Upon registration of the proceedings, the High Court of Delhi granted exparte interim orders for injunction over Mr. Dhawan’s assets pending the adjudication of the execution petition. This was one of the few cases wherein the requirement of issuance of notice in cases of foreign judgment under Order XXI Rule 22 of the CPC was dispensed with by the High Court of Delhi in exercise of its discretionary powers. Accordingly, an exparte order was granted to safeguard the rights of the Decree Holder and maintain the status quo.
Subsequently, Mr. Dhawan entered an appearance and contested the proceedings by filing a review petition as well as an appeal to challenge the interim orders for injunction, however, the same was affirmed in favor of TransAsia.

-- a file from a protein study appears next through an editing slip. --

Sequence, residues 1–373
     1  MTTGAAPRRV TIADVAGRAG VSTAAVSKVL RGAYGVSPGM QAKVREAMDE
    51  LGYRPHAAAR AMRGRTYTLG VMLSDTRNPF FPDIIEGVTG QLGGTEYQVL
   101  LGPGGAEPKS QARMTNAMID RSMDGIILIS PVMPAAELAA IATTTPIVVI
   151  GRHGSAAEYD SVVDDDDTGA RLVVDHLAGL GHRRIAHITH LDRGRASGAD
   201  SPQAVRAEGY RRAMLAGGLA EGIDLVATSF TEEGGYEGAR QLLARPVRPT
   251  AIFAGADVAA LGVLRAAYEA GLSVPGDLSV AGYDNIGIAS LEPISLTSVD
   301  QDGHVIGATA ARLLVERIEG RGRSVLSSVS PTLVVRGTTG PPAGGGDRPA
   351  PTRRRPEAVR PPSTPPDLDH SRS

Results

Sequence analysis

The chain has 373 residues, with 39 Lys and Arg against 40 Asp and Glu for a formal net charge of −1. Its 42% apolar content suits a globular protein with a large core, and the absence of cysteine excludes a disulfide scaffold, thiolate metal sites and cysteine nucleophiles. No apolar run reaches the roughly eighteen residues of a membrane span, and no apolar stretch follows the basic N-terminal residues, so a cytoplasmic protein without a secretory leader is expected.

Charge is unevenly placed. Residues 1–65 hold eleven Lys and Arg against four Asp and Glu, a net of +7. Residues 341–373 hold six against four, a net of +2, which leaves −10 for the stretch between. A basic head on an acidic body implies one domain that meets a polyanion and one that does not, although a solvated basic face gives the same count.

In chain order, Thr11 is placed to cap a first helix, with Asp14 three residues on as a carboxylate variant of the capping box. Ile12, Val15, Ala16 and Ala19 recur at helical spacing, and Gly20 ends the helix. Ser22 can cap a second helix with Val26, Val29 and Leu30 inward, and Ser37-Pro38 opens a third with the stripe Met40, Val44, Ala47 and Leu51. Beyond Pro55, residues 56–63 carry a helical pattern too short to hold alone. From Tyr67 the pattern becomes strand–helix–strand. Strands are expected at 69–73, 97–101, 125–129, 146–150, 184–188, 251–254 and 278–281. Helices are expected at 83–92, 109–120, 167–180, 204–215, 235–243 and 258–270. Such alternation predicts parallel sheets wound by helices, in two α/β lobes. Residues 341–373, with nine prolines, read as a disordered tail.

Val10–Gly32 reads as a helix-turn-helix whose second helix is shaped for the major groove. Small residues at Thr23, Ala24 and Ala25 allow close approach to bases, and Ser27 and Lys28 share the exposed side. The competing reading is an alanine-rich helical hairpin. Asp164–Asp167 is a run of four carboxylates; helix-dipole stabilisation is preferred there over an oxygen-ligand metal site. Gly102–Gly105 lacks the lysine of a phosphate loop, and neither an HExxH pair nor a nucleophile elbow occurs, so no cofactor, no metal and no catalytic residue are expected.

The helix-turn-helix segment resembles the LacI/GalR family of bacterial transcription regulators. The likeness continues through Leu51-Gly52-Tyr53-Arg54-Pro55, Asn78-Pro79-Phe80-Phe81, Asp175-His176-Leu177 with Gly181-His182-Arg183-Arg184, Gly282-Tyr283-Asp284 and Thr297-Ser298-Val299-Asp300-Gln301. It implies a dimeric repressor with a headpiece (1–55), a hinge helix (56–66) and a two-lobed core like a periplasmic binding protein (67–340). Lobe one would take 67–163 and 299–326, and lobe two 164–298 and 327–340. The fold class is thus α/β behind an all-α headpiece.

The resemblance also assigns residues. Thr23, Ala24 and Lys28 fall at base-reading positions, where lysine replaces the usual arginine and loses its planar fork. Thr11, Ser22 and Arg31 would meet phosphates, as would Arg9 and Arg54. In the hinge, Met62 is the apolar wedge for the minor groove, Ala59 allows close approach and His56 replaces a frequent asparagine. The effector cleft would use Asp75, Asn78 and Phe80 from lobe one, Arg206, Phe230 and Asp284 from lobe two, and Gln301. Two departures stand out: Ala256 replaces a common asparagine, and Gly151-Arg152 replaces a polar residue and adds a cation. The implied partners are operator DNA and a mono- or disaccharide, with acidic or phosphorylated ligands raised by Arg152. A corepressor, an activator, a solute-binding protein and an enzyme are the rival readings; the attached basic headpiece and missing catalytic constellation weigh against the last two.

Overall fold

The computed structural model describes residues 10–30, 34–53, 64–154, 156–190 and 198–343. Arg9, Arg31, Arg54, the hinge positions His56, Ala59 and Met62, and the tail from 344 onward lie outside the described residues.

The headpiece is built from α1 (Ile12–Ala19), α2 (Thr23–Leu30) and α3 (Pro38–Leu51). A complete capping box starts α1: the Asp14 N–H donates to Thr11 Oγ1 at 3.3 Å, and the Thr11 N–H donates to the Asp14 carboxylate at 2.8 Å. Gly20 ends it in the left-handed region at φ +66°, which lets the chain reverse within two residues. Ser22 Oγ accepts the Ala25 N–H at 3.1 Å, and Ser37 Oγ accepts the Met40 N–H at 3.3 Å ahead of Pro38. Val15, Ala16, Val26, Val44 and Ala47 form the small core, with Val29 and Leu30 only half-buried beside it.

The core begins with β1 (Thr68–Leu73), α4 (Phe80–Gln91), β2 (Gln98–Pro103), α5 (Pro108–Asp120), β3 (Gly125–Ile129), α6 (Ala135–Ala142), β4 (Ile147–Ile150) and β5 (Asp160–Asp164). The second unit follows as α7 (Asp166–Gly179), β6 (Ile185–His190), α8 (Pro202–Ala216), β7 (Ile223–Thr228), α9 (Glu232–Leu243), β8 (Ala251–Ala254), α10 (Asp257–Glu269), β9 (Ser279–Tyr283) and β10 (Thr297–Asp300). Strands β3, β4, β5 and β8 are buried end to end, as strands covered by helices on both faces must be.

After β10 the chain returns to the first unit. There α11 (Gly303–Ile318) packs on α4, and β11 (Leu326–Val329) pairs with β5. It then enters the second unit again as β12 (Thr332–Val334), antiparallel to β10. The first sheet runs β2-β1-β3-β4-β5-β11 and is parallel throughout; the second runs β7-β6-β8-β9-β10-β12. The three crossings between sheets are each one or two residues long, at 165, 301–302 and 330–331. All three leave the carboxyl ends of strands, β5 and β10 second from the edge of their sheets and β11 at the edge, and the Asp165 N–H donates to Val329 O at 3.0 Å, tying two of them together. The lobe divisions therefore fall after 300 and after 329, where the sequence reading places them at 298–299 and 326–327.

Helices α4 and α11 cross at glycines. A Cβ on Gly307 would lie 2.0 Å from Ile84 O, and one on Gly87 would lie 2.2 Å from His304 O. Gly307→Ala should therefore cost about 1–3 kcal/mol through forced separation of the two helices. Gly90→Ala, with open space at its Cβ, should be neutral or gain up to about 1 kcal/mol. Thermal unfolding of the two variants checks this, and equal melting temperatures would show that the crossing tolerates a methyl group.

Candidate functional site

Mr. Dhawan also filed objections to the execution petition inter alia on the ground that the Foreign Judgment was not conclusive under Section 13 of the CPC and hence not liable to be enforced in India.
According to Section 13 of the CPC, a foreign judgment will be inconclusive if it:
Findings of the High Court of Delhi –
While adjudicating upon the said objections, the High Court of Delhi tested the Foreign Judgment on the principles of Section 13 of the CPC and inter alia came to the conclusion that:
(a) The High Court of England was a court of competent jurisdiction in view of the ‘asymmetric jurisdiction clauses’ incorporated in the personal guarantees furnished by Mr. Dhawan;
(b) Despite being exparte, the Foreign Judgment was given on merits of the case and upon taking into consideration the evidence that was placed before it; and
(c) Mr. Dhawan was duly served in accordance with the law as applicable in the United Kingdom and this the proceedings were not opposed to natural justice.